After initially hating Titans and enjoying Doom Patrol (though both got better over time), Swamp Thing is the first of DC Universe’s streaming offerings to nail it right out of the gate. It’s also first DC streaming show to have a genre outside of its superherodom. Swamp Thing loves creepy, R-rated botanical horror like Doom Patrol loves the ethereal quality of “weirdness”—and as you watch, it definitely grows on you.
Swamp Thing adapts dual sides of its comic character’s mythos. Some of the darker, stranger, more horrific elements of Alan Moore’s take on the character meet the supporting cast that preceded the writer’s tackling of the tragic mossy monster. The result is a fully-established community flecked with lurking evil, more akin to the supernatural “gravitational pull” (as one local puts it) of Castle Rock than most superhero TV, steeped in frightening, otherworldly tension.
Dr. Abby Arcane (Crystal Reed), our lead, is concerned first with more worldly threats. She’s a scientist with the Centers for Disease Control and Prevention’s Epidemic Intelligence Service (or what their website calls a “disease detective”), coming back home to small town Louisiana to go full Columbo on a pathogen emanating from the nearby swamplands. She links up with out-of-town biologist Alec Holland (Andy Bean), who’s working for the local money—Avery Sunderland (Will Patton)—to look into the same problem (and some weird, accelerated plant growth), beginning the increasingly strange investigation in earnest.
The first two episodes are rife with sweaty swamp town politics, a stark class divide, and some seriously grotesque effectwork. With a lot of practical vine monsters and committed acting, exciting scenes (like one of Abby and Alec escaping a morgue) are delightfully gross and tangible. Almost as tangible is the bad blood and old relationships between Abby and the rest of town. Virginia Madsen’s first monologue as Maria Sunderland is as Southern Gothic as Robert Smith eating peach cobbler. Just as delicious, too. Abby’s position in the town is almost as important as the mysterious swamp illness plaguing it, which means her relationships (even her single day spent with Alec before he becomes Swamp Thing) are all given ample screen time.
The two developing a quick bond is essential to the greater plot, and thankfully the show makes a case for connection that not only feels natural, but furthers both characters with their desires. Reed and Bean have great energy both together and apart; they do all the things drama TV often requires (flirting, speaking in jargon, running from danger) that fulfill the obligation and do something extra. Between them and the sharp script, Swamp Thing has no problem building its good guys—especially the Thing himself (Derek Mears), whose transformation is completed by the end of the pilot and looks like if that soggy, dark piece of lettuce at the bottom of your salad was a powerlifter. By which I mean totally perfect.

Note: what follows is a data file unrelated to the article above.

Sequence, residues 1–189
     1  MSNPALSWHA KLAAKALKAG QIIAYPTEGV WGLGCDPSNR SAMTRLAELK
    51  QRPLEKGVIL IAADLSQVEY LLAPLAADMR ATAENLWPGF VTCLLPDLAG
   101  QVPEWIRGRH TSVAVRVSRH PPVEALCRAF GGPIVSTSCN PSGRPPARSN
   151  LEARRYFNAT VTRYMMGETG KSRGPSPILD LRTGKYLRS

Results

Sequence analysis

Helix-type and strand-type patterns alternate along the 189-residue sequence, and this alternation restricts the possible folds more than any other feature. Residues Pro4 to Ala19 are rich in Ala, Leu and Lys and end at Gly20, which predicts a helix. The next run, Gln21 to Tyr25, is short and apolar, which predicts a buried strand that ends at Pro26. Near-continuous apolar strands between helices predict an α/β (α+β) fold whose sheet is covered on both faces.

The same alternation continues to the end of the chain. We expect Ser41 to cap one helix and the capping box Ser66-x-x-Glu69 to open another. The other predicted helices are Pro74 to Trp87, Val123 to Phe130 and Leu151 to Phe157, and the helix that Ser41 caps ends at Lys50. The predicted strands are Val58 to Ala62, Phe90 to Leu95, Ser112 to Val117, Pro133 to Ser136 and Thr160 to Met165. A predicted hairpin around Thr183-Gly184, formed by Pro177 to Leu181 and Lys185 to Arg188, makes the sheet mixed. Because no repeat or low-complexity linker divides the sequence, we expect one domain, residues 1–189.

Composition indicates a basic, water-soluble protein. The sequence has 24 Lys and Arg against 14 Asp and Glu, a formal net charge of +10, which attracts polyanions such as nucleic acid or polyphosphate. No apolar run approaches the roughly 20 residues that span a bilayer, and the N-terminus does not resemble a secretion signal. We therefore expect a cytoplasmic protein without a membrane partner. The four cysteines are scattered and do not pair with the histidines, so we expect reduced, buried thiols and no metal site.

As far as bad guys go, director Len Wiseman and writers Mark Verheiden and Gary Dauberman immediately put those that would harm the swamp in nasty, sweaty danger. Jittery, powerful strands of ivy, like the creeping fingers of mangrove roots, threaten like the best Anaconda films and with even more unworldly power. Their gruesome payoff fits right into a B-movie aesthetic that’s equal parts Jumanji, The Ruins, and The Fly.
Techniques and homages populate the series like mosquitoes in the wetlands, as Evil Dead’s schlocky camera kineticism and The Thing’s gruesome creature design seem to be touchstones. A man puking his guts out becomes enshrined in grimy topiary, while Swamp Thing ripping himself apart becomes a terrifying demonstration of hivemind. The setting – both in its midnight, floodlight-lit swamps, and its dilapidated waterfront structures – feels sticky, old, and full of stories. This is a show that revels in upsetting visuals. With all the comic-based media out there, you’d think some more of it would explore its potential in this area, but Swamp Thing’s horrible sights have a rare vitality.
That doesn’t mean everything works. Sometimes the plot can’t find its balance between silly schlock and seriousness. Sometimes the pacing of the horror doesn’t allow suspense to fully set in or allow the rush to fully break into its desperate speed, which can even out a horror sequence to milquetoast sameness. A surprising amount of queer side characters are sadly very clearly on the side while, no matter Madame Xanadu’s comic history, a blind black mystic introduced helping a rich white lady not feel so sad is a bummer. But even these tropey elements can’t bring down dialogue that knows when to alternate between breezy and sweltering or stop punchy jump scares from peppering its scenes with periodic spikes in blood pressure.
And that cast of weirdos is begging for very weird, very Annihilation-style deaths. Ian Ziering’s cocky actor, Jennifer Beals’ snarky sheriff, Henderson Wade’s earnest cop, and Kevin Durand’s eccentric soon-to-be Floronic Man all steal scenes like horror movie victims can, making their marks early … in case they don’t stay late. Because the kills we do get to see in the first two episodes will make gorehounds proud, it’s worth watching alone for the promise of bigger, better, and more tendril-filled deaths. Although Swamp Thing’s strangely truncated production may bode ill for its progression, its start isn’t just the strongest of the DC Universe shows—it’s one of the best beginnings in superhero TV.